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Verizon CEO Hans Vestberg. Photo: Steven Ferdman/Getty Images

Verizon CEO Hans Vestberg isn't ready to ditch the telecom company's media unit, but he tells Axios it will have to make money without leveraging data from the company's wireless and wireline subscribers.

Why it matters: This is a sharp departure from the company's original premise for buying Yahoo and AOL: that Verizon could use its detailed data on subscribers to take on Google and Facebook, which together dominate digital advertising.

In an interview with Axios, Vestberg says the former AOL and Yahoo businesses "need to survive on their merits."

  • Though he's mostly focused on 5G and the company's massive wireless and wireline businesses, Vestberg says he sees potential in the content operation.
  • Content is particularly strong in parts of Yahoo's operations in sports, finance and entertainment, which lend themselves to video programming, he says.
  • But he adds the company will prioritize the responsibilities it has to those paying it for network services.
"We're not trying to mimic a Facebook or Google. We don’t think that's the right way to do that."
— Hans Vestberg

By the numbers: Verizon doesn't break out the profitability of its media business, but it said in November that the unit wouldn't meet its goal of becoming a $10 billion-a-year business by 2021.

  • Vestberg, who has been Verizon CEO for less than a year after 28 at Ericsson, says it's too soon to determine if there may be divestitures within the media business.

He has already started making other changes. Late last year, Vestberg implemented a strategy he calls "Verizon 2.0." The effort includes:

  • Shaking up the company's leadership ranks.
  • Reorganizing into 3 businesses: consumer, business and Verizon Media Group.
  • Outsourcing a chunk of the company's IT operations to Infosys.
  • Accepting voluntary buyouts from more than 10,000 workers.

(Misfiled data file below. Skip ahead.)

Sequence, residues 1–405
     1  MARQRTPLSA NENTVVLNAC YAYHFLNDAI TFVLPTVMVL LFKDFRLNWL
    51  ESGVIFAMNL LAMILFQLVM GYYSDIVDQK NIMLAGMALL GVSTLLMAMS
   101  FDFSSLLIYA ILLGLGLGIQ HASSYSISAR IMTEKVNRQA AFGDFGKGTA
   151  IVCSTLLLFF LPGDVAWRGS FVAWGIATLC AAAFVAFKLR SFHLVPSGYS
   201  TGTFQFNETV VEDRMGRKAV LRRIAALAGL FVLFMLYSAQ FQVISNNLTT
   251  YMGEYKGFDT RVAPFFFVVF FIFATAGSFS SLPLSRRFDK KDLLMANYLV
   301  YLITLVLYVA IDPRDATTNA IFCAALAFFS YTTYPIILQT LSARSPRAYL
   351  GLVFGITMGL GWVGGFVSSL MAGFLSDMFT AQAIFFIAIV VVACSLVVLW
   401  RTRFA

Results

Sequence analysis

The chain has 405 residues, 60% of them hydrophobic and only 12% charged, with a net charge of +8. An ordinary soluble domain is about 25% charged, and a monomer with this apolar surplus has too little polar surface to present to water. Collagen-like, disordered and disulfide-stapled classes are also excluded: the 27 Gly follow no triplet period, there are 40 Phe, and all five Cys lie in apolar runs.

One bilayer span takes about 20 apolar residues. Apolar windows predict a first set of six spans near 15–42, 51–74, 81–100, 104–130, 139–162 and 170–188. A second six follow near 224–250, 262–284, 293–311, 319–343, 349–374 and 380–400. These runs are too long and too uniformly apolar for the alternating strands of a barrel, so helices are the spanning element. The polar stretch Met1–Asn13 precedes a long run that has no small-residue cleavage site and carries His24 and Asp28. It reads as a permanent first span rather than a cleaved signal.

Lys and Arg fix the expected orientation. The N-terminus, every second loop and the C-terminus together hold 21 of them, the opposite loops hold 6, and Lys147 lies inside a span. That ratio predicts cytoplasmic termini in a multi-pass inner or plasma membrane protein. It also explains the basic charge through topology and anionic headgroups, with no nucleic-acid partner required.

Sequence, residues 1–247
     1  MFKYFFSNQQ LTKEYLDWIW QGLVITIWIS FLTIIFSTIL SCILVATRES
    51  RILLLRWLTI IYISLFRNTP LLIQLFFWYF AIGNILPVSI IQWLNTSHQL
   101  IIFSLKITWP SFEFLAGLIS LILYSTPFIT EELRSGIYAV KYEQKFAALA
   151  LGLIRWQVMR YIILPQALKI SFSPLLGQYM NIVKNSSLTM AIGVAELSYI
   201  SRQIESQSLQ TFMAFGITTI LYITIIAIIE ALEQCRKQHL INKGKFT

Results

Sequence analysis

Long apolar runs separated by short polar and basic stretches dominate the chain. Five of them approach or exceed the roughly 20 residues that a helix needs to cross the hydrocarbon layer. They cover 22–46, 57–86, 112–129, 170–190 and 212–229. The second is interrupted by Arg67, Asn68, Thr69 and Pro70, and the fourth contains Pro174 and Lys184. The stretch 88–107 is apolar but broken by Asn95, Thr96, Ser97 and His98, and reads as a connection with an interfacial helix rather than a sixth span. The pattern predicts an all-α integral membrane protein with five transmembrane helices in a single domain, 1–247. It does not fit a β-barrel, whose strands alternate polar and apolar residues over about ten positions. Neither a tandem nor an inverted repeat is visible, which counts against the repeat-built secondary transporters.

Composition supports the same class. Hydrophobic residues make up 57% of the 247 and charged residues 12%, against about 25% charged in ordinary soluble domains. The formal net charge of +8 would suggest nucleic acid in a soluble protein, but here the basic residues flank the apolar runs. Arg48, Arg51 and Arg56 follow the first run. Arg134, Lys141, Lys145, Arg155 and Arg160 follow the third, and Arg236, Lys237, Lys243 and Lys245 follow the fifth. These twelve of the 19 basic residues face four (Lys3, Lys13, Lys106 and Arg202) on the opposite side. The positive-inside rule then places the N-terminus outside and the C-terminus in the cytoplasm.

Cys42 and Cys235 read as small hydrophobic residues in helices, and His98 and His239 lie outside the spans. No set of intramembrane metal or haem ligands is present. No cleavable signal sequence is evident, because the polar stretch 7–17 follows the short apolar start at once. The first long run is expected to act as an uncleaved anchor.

Why? The changes are designed to help the company fully take advantage of the next generation of cellular technology. 5G is just starting to reach consumers, but over time has the potential to create whole new lines of business.

  • One of the earliest opportunities is to take the kind of network that Verizon is building for itself and sell a version to large businesses looking to speed up and automate their own corporate campuses, according to Vestberg.
  • Additional opportunities range from health care to smart cities, as 5G networks become more advanced and ubiquitous. Those areas require lots of wireless spectrum, dense networks and fiber — all of which Verizon has, he says.

One area where Verizon still has room to improve, Vestberg notes, is to take a more active role in the businesses that are built using its high-speed connections.

  • "Much of the innovation came on top of the network in 4G," he says. Customers still benefitted, but he would like to see Verizon get more involved this time around.
  • That doesn't necessarily mean the company needs to build every product, but "we need to be part of that innovation."

Go deeper

Ben Geman, author of Generate
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Driving the news: The State Department yesterday announced Kerry's visit this week, confirming plans that began emerging Saturday.

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Hundreds of companies and executives released a letter on Wednesday condemning legislation that restricts "any eligible voter from having an equal and fair opportunity to cast a ballot," per the New York Times.

Why it matters: It's the most concerted action yet by big business in opposition to GOP-sponsored bills at the state level that limit mail-in ballots, implement new voter ID requirements and slash registration options, among other measures.